On a broader macroeconomic level, this would translate to economic stagnation as some sectors become grappled with working capital and capital challenges as they fail to access loans and overdrafts from the banks while those who access the resources fail to repay as a consequence of the high cost of the funds.

Dr Sanderson Abel is an Economist. He writes in his capacity as Senior Economist for the Bankers Association of Zimbabwe. For your valuable feedback and comments related to this article, he can be contacted on abel@baz.org.zw or on numbers 04-744686 and 0772463008.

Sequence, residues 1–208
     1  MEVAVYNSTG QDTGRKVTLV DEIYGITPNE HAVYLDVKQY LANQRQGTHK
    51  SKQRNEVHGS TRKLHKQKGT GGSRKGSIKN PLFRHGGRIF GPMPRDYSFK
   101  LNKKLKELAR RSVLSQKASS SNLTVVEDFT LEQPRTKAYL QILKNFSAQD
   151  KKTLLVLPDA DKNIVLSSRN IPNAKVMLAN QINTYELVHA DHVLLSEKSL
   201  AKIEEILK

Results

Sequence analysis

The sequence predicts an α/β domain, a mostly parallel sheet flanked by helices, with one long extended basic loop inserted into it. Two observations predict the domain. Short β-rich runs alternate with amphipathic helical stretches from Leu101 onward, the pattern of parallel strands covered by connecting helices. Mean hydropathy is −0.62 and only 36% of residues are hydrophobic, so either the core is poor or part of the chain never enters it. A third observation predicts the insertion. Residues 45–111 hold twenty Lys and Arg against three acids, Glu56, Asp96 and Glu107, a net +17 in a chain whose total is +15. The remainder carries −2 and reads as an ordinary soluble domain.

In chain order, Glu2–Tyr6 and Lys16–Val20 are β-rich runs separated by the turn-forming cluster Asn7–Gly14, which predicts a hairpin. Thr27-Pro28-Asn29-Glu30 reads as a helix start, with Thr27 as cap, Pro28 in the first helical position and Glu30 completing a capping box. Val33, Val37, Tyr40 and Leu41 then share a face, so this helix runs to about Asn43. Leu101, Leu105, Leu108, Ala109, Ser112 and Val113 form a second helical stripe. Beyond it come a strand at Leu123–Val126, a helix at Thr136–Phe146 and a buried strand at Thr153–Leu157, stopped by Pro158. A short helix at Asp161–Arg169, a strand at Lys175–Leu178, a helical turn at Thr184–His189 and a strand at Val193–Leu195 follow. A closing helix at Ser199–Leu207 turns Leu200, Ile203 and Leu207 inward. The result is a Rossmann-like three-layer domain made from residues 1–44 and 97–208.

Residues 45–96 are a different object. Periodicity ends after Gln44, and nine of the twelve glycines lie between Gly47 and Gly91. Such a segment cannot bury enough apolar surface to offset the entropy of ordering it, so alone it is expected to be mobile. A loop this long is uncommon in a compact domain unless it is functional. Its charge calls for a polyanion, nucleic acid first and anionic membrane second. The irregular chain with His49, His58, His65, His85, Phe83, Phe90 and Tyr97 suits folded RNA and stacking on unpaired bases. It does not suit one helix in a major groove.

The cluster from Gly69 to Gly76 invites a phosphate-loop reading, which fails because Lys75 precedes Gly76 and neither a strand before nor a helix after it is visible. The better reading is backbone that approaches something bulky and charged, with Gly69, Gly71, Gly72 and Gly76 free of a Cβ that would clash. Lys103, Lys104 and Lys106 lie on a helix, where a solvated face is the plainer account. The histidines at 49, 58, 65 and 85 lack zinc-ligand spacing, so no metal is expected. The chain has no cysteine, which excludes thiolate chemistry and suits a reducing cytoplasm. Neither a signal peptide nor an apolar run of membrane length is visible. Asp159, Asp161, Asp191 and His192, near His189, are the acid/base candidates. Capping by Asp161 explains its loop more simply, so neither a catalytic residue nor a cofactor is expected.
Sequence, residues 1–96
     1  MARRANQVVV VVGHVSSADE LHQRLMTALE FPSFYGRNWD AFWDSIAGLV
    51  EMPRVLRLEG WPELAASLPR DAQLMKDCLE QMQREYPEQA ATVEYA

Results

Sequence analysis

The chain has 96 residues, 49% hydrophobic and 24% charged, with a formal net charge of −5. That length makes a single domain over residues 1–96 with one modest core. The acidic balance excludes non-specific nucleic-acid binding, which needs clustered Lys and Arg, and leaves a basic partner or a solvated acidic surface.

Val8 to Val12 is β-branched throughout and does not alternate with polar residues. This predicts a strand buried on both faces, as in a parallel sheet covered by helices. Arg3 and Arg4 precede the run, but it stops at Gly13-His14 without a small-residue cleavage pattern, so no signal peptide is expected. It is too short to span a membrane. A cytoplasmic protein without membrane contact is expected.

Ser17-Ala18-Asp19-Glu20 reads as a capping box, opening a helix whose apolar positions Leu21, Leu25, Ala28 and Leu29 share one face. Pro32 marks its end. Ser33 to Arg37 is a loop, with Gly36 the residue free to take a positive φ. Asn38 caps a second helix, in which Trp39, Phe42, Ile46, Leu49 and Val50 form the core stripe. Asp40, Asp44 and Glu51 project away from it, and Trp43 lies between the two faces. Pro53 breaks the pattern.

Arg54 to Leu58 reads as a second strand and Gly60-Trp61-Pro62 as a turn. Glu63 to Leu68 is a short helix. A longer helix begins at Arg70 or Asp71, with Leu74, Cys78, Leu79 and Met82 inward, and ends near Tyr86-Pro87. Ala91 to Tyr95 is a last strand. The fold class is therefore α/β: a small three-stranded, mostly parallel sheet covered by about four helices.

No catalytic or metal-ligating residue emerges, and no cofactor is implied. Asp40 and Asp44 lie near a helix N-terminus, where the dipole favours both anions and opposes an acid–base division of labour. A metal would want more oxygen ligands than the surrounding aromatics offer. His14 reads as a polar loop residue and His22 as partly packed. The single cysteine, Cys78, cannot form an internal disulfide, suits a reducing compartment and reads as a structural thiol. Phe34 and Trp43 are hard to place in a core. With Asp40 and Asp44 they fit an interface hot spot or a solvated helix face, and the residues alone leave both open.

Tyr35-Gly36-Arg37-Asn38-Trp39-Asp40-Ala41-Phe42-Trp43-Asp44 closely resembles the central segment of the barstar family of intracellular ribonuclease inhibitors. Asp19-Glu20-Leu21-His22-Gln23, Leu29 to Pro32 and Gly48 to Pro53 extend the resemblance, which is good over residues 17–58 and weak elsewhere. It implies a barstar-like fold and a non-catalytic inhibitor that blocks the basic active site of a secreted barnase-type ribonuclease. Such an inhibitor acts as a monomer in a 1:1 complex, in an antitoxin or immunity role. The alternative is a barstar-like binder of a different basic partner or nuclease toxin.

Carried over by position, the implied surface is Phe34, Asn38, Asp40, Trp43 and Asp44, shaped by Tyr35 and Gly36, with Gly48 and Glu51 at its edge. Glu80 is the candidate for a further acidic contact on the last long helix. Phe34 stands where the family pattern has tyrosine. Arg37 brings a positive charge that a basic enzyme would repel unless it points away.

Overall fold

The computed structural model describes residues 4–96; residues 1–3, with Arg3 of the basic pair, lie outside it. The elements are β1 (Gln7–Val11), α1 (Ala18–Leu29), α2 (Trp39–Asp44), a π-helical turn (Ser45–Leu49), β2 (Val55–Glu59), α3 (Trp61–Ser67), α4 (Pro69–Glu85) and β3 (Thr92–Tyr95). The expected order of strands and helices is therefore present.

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Mobile Usoni: Here’s to a mobile future

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Mobile Usoni: Here’s to a mobile future

The Monthly Financial Sector Bulletin (MFSB) recently introduced “The Microfinance Interview”, a monthly question-and-answer feature through which it engages with key stakeholders of the sector such as microfinancial institutions (MFIs), funders, service providers, development partners and regulators amongst others on issues of topical and mutual interest.

In the first interview, NewsDay’s financial columnist and editor of the MFSB Omen Nyevero Muza (ONM) caught up with Cameron Goldie-Scotie (CGS), the chief executive officer of Musoni Services, a Netherlands-based provider of a core-banking system used by 17 financial organisations in Zimbabwe, and discussed their current work and plans in the country.

ONM: What’s Musoni System and who is behind it?